In 1932 she became a lecturer at the 'Institute for Pedagogy' at Münster, but anti-Semitic legislation passed by the Nazi government forced her to resign the post in 1933: the same year in which her former colleague Martin Heidegger became Rector at Freiburg and stated that "The Führer, and he alone, is the present and future law of Germany."

In a letter to Pope Pius XI, she denounced the Nazi regime and asked the Pope to openly denounce the regime "to put a stop to this abuse of Christ's name."
She entered the Discalced Carmelite monastery at
Köln in 1933 and took the name 'Teresa Benedicta of the Cross'. There she wrote her metaphysical book 'Endliches und ewiges Sein' which tries to combine the philosophies of Aquinas and Husserl.

Germany 1983, Mi 1162, Sc 1385. FDC

To avoid the growing Nazi threat, her order transferred Stein to the Carmelite monastery at Echt in the Netherlands. There she wrote 'Studie über Joannes a Cruce: Kreuzeswissenschaft' ("The Science of the Cross: Studies on John of the Cross").

However, Stein was not safe in the Netherlands—the Dutch Bishops' Conference had a public statement read in all the churches of the country on July 20, 1942, condemning Nazi racism. In a retaliatory response on July 26, 1942, the Reichskommissar of the Netherlands, Arthur Seyss-Inquart, ordered the arrest of all Jewish converts, who had previously been spared.

Vatican City 1987, KimCover PW 545.

Edith Stein and her sister Rosa, also a convert, were captured on 2 August 1942 and shipped to the Auschwitz concentration camp, where they died in the gas chambers on Sunday 9 1942.Pope John Paul II beatified Edith Steyn as martyr during his second visit to Germany in the Müngersdorfer-stadion in Köln on Friday 1 May 1987.
The Jesuit Rupert Mayer (23 January 1876-1November 1945),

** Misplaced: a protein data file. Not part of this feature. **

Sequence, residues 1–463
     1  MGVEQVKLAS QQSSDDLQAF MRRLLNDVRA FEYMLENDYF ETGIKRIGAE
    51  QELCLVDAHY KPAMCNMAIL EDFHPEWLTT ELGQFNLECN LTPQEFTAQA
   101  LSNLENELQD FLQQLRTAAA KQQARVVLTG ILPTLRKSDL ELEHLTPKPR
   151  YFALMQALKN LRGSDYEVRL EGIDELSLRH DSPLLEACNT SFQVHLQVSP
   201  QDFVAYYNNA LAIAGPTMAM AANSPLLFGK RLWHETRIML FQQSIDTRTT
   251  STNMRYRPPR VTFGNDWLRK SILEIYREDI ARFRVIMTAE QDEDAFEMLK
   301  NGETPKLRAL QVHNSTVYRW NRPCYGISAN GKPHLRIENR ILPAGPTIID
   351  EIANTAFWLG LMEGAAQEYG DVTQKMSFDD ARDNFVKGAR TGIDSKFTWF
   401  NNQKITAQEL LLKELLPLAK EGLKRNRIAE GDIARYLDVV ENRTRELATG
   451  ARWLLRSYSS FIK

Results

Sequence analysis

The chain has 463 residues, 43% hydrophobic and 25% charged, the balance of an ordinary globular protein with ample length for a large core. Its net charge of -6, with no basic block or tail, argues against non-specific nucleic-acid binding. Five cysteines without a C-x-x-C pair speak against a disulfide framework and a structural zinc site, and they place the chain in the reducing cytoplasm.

a leading figure of the Catholic resistance in the Third Reich,
was beatified during the same visit on 3 May 1987 in München.

Germany 1988, Mi 1352, Sc 1547.


The miracle which was the basis for her canonization was the cure of a little girl who had swallowed a large amount of Tylenol which causes hepatic necrosis in small children. Immediately her relatives prayed to Edith Stein (intercessory prayer). Shortly thereafter the nurses in the intensive care unit saw her sit up completely healthy.

Pope John Paul II canonized her under the name 'Saint Teresa Benedicta of the Cross' on October 11, 1998 in Roma. The recovered girl as teenager was present at the canonization ceremony in the Vatican.  Edith Stein is with Catherine of Siena and Birgitta of Sverge patron saint of Europe.

Today, there is a school named in tribute to Stein in Darmstadt, Germany, as well as one in Hengelo, the Netherlands. The University of Tübingen has a women's dormitory named for her as well. In 2008, her bust is to be introduced to the Walhalla temple in Regensburg.


Vatican City 1996, Mi 1180, Sc 1010.
The postmark PosteVaticane 7 May 1996.   






Entrance of the monastery of Saint Magdalen (1228)
the Dominican nuns in Speyer.

Germany 1976. Postcard.